“No thanks,” I said. He then proceeded to help me anyway, because apparently I’m too stupid to know if I need help or not. He asked about thirty questions, narrowing down what type of system I had and what I was looking for. He finally ended at:
“Sounds like you need a 4″, 360 degree with a 1/2″ fitting.”
“Like this one?” I said, showing him the one I’d been holding throughout our five minute conversation.
His face fell. “Uh, yeah.” Then he walked away looking like I’d kicked his puppy.
On the other hand, If I DID have a question, It would take at least that long to find someone and nine times out of ten, they wouldn’t know the answer.
At least your guy sounds like he knew his inventory. Pity he had the social skills of a bore at a party who corners you to tell you about his foot surgery.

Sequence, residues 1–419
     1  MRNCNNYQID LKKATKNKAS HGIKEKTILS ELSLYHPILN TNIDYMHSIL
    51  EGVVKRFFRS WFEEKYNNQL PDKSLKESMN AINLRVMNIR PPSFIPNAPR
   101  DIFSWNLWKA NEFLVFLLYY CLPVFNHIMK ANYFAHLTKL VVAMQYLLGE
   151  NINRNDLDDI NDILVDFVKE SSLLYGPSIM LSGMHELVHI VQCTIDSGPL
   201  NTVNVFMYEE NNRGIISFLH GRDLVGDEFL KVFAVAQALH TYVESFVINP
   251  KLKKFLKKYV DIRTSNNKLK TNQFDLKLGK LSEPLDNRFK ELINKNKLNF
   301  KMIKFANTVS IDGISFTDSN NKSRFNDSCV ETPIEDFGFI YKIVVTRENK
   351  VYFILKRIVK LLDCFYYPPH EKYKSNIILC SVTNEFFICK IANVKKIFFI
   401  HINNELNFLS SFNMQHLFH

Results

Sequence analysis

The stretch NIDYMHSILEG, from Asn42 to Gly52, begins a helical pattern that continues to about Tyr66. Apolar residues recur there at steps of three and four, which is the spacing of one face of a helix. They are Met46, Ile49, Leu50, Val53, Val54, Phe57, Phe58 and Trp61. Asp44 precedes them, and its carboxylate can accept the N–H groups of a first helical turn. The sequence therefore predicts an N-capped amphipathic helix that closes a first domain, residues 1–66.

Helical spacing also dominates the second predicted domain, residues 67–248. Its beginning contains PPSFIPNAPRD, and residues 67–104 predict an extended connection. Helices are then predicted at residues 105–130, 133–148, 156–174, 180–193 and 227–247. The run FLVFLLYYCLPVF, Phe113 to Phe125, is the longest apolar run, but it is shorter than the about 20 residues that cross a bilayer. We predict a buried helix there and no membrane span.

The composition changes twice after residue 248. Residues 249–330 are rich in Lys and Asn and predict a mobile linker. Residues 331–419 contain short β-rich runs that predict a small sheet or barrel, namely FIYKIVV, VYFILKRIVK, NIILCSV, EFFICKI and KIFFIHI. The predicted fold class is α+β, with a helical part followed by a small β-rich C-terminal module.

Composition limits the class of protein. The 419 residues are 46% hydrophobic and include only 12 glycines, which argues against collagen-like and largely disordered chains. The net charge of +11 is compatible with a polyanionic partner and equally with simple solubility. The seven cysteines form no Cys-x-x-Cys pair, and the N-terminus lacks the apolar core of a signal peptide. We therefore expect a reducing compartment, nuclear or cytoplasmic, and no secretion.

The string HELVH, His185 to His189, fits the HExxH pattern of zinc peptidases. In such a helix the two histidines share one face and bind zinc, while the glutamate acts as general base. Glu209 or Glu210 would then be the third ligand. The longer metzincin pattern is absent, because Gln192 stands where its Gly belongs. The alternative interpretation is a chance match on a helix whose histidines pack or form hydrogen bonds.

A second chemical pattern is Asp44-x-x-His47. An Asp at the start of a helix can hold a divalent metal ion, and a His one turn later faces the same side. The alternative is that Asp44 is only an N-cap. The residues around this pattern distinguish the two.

I agree with you about Best Buy. Life’s too short for the ten minute spiel about warranties and crap at the cash register.
Oh, yes, Jaye, your experience rings a bell & not the tolling of that bell is not a happy sound! Cheeky person, telling you to punch holes in the paper. I’m in a small town & most of the time, I’m glad to say, we have pleasant, helpful staff in the stores. We have a co-op, i.e. grocery store, deli, bakery, cafe. Wow. The staff there is so good, so helpful, so pleasant & not just because I was on the board for a few years & shop there a lot. What a contrast on the rare occasions when I go to any of our other local supermarkets (e’re endowed, 2 large ones, one other smallish one which is v. good). But the staff, eeek.